Magical Ministry Tour

No word is more misused and misinterpreted in popular Christianity than ministry. It is the reason for everything: the justification for a top ten hit and the toleration of substandard performance. It legitimizes one person's right to accumulate and hoard money while it supports another's right to beg for it. It serves simultaneously as an excuse to work or not to work. The word ministry covers so much ground that it no longer carries any significant impact. Instead, it leaves nebulous impressions and feelings.

   The popular understanding of ministering to people is to touch them in some spiritual sense. But in what way — what does it mean for someone to be blessed? Was it an emotional tickle? The twinge of a high note? A warm, soothing chord that washed over someone's trouble and anesthetized his or her reality? Was it a euphoric sense of being a member of a family of fans? The brief escape of identifying oneself with a charismatic personality? Or was it a real experience with God?

   Whatever it was, everyone is an expert on whether or not it happened. Everybody seems to know whether the performance

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or message ministered to them and whether, in fact, the person doing the singing or speaking was a legitimate minister or not.

   And the ministers themselves are considered a special breed. More is expected of them because they have been endowed with greater power than the average Christian. They have a higher position, a place of authority, a spiritual aura that sets them apart. It's as if some supernatural trickle-down theory is in effect and the poor, lonely guy in the fifth row has come hoping some of the blessing will manage to make its way down to him.

   What's wrong with this picture?


   First, there is no magic to ministry. No aura. No privilege. Ministry is simply service. Jesus Christ set the supreme example by divesting himself of all His privileges as God and humbly taking on the form of a servant. He himself declared, "For even the Son of Man did not come to be served, but to serve, and to give his life as a ransom for many" (Mark 10:45). Ministry is what you give, not what you get.

   Second, there is no mystery to ministry. No intangible blessing. No spiritual goo. In fact, the Bible usually refers to ministry in very concrete terms. According to the Scriptures, it involves giving a cup of cold water, preaching the Gospel to the poor, visiting those in prison, caring for widows and orphans, and washing one another's feet. There is nothing in the Bible about singing a moving song to touch the hearts of people.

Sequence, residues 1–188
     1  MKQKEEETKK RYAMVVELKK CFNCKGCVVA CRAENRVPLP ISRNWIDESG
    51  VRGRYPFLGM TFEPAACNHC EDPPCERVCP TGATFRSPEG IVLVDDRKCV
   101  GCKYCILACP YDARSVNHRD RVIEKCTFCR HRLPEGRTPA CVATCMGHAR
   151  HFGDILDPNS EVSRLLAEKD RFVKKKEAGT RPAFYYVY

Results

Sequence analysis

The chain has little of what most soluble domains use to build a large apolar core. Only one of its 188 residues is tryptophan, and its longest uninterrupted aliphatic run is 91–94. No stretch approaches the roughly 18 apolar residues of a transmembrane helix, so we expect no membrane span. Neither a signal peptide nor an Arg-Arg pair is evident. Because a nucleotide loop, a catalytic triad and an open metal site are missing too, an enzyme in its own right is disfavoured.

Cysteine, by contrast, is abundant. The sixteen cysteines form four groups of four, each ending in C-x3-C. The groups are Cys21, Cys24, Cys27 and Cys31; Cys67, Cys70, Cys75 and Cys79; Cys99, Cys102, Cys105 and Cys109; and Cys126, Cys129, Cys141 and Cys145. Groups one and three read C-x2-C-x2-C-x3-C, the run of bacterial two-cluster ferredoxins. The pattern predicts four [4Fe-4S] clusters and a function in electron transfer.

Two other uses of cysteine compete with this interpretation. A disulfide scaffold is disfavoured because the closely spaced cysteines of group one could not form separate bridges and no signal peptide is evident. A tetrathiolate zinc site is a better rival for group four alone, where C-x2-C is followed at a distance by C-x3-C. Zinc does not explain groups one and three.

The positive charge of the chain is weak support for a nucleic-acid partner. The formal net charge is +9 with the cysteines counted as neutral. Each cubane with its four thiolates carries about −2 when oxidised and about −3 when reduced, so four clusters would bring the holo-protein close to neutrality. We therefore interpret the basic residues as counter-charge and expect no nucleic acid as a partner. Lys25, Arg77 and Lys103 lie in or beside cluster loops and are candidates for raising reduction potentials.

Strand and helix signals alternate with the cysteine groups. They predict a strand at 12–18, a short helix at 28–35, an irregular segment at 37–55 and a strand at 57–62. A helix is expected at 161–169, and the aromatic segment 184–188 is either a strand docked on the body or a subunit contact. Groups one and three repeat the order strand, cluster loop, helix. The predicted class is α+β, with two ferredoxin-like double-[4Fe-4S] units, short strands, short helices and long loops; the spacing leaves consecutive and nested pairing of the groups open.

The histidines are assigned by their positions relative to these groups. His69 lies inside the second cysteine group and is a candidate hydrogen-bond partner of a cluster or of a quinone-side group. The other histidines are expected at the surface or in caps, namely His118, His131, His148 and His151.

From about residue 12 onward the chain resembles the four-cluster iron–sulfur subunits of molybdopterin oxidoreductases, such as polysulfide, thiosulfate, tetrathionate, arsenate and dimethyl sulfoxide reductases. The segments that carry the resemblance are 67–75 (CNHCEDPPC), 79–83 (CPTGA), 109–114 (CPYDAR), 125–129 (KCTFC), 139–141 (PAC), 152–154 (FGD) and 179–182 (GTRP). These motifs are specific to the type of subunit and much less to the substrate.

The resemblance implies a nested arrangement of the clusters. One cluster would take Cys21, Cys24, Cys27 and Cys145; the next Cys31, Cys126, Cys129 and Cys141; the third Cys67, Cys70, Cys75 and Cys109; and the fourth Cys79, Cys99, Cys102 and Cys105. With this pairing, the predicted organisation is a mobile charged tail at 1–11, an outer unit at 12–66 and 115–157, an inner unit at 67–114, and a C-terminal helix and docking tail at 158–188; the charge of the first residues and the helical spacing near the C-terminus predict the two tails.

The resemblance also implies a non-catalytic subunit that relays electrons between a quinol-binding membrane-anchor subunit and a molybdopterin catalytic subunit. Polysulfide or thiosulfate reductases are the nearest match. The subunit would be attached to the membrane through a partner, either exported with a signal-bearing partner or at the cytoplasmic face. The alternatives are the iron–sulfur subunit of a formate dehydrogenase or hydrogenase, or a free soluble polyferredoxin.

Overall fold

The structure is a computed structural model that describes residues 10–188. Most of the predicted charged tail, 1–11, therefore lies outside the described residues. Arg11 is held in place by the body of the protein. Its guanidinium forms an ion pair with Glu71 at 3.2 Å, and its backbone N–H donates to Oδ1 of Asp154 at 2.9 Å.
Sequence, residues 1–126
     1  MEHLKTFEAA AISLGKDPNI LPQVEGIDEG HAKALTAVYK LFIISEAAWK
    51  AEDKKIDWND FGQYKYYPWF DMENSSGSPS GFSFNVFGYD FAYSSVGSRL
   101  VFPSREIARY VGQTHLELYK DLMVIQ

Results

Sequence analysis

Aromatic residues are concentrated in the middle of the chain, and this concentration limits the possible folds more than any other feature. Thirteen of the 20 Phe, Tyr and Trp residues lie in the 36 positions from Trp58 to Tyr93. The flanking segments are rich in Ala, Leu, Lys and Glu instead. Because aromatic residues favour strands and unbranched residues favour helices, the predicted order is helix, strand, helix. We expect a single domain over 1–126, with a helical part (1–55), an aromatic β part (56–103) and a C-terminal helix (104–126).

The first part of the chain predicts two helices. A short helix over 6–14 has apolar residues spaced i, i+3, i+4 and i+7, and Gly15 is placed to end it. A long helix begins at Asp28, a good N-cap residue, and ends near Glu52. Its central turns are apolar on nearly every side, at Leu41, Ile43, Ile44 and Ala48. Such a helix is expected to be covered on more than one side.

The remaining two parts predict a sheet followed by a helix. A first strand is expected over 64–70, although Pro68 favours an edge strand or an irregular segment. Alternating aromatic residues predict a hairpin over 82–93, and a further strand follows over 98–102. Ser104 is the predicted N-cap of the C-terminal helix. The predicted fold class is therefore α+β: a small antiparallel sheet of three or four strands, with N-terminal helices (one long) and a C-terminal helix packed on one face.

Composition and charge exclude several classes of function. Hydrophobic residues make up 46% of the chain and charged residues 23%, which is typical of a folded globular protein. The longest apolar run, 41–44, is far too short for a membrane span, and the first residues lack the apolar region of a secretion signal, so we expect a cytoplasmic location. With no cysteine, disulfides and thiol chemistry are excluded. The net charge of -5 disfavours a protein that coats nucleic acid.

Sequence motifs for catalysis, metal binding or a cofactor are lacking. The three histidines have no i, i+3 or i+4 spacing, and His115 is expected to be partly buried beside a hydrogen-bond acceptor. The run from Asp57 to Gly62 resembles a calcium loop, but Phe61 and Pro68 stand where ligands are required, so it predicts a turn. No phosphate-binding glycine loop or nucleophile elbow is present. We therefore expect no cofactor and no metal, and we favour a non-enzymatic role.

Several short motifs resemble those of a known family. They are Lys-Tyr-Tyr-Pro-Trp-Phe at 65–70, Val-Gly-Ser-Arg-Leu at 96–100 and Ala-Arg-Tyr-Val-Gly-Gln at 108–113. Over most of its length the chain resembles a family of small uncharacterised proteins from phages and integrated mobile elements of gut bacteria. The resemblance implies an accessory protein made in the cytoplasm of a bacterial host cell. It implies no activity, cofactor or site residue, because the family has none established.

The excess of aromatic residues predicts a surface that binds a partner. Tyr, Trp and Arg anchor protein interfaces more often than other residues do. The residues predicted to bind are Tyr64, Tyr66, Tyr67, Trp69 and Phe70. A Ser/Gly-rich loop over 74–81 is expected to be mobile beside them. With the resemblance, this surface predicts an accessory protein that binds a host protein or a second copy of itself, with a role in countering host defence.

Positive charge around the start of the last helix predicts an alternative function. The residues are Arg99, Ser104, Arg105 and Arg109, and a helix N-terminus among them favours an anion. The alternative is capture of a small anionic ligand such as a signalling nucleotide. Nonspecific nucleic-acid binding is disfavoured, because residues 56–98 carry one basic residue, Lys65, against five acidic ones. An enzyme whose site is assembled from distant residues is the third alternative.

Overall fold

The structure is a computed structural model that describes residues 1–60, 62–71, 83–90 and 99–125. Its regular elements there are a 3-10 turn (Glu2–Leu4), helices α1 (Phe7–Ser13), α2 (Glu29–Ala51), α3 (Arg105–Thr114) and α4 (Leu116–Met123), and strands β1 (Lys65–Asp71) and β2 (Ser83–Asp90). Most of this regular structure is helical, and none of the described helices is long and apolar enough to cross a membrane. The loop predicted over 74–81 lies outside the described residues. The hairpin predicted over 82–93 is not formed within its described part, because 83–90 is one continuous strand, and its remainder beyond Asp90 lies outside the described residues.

Third — and probably most important of all — there is no primacy to ministry. Nothing sets one Christian over another. There should be no sense of superiority in any ministry, because the Scriptures clearly teach that all of us are ministers. Each of us is responsible for serving according to the gifts that have been given to us. No single ministry is more important than another.

   What does this understanding of "ministry" do to the Magical Ministry Tour that will roll into town next week to bless everybody? Well, it might take some of the pressure off the whole scene. It might mean that Christian ministers could be more honest, that Christian artists could present their work without having to justify it in terms of evangelism, exhortation, praise, or worship. It might mean that Christian speakers could come down off the high throne of spiritual expectations and be more human; and if more human, then more accessible to the people;

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and if they are more accessible to the people, then so is the reality of knowing Christ.

   After all, Christ meets each one of us right where we are, in the middle of the daily routine or the stress of indecision, in the pain of mistakes or the contentment of merely being alive, whether we're on stage or in the audience. Suddenly the Christian life could lose its mystery, become more tangible; and Christian ministry might begin to help people face life honestly rather than escape from it.

   And afterward, people might even walk away more impressed with their own uniqueness and their own possibilities — their own ministry — than they were with the Magical Ministry Tour. And maybe, just maybe, they might walk away feeling bigger, not smaller.

Chapter 8  ||  Table of Contents